Gov. Larry Hogan’s Maryland Citizens Redistricting Commission has proposed a new map of congressional districts that are compact and contiguous, respecting county boundaries and communities. It is a model of what a nonpartisan redistricting process would produce.
And it has virtually no chance of being enacted by the Maryland General Assembly.
Hogan formally accepted the maps for new congressional and legislative districts drawn by the commission on Nov. 5 and signed documents calling for a special session of the General Assembly on Dec. 6 to redraw the congressional boundaries.
Hogan pledged to introduce the maps from the commission without any alteration. The state news website Maryland Matters said Hogan praised the work of the nine-member commission he created in January. Congressional maps must be redrawn after each decennial census to keep them roughly equal in population.
“The commission was given a clear and simple charge — insuring that the people of Maryland are able to choose their elected officials and not the other way around,” the governor said. “This is what real, non-partisan redistricting looks like.”
That’s true, but it is unlikely to make a difference when the maps meet the real world in Annapolis. The reason is that Democratic legislators control the process, and they are under tremendous pressure to insure that no Democratic seat in Congress is lost. Legislators have an advisory committee working on an alternative map.
Once upon a time, a few decades ago, Maryland’s congressional delegation had four Democrats and four Republicans. But as the state turned more Democratic, the number of Republicans slipped to two and then to one after the 2010 census.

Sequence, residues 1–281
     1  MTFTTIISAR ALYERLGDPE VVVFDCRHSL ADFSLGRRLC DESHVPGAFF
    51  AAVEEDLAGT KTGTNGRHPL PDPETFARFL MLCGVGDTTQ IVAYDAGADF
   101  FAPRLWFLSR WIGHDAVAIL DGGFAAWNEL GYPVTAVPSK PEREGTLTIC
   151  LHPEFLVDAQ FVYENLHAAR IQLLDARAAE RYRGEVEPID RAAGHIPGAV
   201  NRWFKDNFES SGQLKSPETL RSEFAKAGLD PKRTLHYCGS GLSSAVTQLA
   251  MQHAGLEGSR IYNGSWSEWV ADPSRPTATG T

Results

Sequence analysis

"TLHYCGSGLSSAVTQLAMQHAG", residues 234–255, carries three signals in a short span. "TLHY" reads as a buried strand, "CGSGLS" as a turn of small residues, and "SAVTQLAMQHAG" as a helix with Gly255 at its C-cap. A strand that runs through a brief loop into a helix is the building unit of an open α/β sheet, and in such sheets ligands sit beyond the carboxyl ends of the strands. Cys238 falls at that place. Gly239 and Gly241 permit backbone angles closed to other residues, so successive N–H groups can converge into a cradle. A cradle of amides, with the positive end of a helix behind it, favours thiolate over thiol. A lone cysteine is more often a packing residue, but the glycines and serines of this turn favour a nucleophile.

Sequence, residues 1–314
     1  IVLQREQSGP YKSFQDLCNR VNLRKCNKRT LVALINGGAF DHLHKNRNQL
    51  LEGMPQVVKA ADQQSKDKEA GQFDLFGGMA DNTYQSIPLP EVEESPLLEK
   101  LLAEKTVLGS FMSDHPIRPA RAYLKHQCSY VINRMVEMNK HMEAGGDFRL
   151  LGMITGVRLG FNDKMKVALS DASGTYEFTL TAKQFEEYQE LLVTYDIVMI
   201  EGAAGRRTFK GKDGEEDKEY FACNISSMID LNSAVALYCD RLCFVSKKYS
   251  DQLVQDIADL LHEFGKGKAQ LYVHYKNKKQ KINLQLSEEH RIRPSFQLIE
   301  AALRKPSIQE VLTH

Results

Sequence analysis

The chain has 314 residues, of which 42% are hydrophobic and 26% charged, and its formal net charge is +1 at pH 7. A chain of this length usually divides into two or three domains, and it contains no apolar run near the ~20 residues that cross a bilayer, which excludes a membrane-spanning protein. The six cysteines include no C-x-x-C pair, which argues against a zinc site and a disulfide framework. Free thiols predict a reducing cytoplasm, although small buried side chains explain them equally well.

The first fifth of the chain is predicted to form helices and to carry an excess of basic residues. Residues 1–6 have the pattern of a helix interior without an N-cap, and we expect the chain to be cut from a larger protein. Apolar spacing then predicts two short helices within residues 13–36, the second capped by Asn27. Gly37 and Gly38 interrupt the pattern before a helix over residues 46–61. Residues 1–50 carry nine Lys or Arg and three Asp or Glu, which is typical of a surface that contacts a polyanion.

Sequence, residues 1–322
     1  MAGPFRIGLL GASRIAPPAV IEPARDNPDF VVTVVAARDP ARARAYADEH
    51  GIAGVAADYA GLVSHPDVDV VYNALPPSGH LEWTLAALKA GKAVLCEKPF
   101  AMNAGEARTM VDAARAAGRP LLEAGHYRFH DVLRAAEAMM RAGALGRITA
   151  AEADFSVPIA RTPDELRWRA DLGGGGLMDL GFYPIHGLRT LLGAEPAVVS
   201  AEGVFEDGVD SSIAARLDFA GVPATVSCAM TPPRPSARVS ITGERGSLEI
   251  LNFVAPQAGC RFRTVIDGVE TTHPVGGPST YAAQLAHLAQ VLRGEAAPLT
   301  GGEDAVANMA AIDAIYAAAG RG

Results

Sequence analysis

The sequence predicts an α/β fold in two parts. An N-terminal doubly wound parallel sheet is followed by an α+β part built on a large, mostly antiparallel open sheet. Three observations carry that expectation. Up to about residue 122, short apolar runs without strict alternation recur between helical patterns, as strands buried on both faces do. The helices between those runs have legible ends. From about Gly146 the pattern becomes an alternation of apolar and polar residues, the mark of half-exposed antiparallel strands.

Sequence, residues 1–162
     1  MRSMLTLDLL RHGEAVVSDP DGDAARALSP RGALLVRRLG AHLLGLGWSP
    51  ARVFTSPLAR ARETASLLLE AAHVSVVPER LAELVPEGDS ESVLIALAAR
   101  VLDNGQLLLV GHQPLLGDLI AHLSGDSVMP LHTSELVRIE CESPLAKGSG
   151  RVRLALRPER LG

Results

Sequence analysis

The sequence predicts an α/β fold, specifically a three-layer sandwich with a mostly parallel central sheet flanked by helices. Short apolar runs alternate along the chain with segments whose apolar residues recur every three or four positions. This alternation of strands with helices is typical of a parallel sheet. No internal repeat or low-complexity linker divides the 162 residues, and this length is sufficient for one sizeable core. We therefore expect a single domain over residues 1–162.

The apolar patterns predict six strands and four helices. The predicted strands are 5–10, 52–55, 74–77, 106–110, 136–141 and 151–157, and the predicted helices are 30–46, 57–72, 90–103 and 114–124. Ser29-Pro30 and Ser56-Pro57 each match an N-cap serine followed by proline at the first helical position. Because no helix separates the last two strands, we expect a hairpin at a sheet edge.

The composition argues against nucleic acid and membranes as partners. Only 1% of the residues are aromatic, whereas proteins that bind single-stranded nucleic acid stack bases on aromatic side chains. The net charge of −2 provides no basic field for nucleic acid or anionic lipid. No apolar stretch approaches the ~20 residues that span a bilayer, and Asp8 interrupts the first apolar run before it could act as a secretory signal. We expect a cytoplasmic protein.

About 55 percent of the registered voters in Maryland are Democrats and about 25 percent are Republicans. The rest are independents, not affiliated with a party. In an ideal world — that is, not this one — the GOP would at least have a chance of winning two, three or even four seats.
The goal of gerrymandering is to reduce that chance, to make it as low as feasible.
The same is true in Republican-controlled states, like Pennsylvania and North Carolina, where the GOP lawmakers are trying to hold onto as many seats as possible. Congressional delegations in both are heavily Republican, despite almost even voter registration.
Maryland Matters quoted Hogan as saying “every party is guilty” of gerrymandering. “Republicans do it when they have the power. Democrats do it. But it’s still wrong and it still needs to change.”
After the 2010 census, Maryland Democrats were widely denounced for gerrymandering the map to eliminate the Republican-held seat here is Frederick and Western Maryland. Democrats redrew the map to carve out two districts based in heavily Democratic Montgomery County, splitting Frederick County between them.
District 6, which had been represented by Republican Roscoe Bartlett from 1993 to 2013, became a Democratic seat, now held by Rep. David Trone, who is in his second term.
A challenge to that redistricting map, along with other gerrymandering cases from other states, was appealed all the way to the U.S. Supreme Court in 2019. But the high court ruled the courts did not have a role in deciding partisan complaints.
Voters in a few states have approved nonpartisan redistricting plans, but leaders of both parties say the problem must be addressed at the national level. So far, there has been no agreement to do anything. A bill sponsored by Rep. John Sarbanes (D-Md.) has been blocked by Republicans in Congress.
While the Hogan commission did not release voter registration numbers for the proposed new districts, its map is widely believed to at least make the 6th District competitive and probably make it lean toward the GOP.
Expecting Democrats in the General Assembly to go along with that is expecting them not to behave as politicians, which is what they are.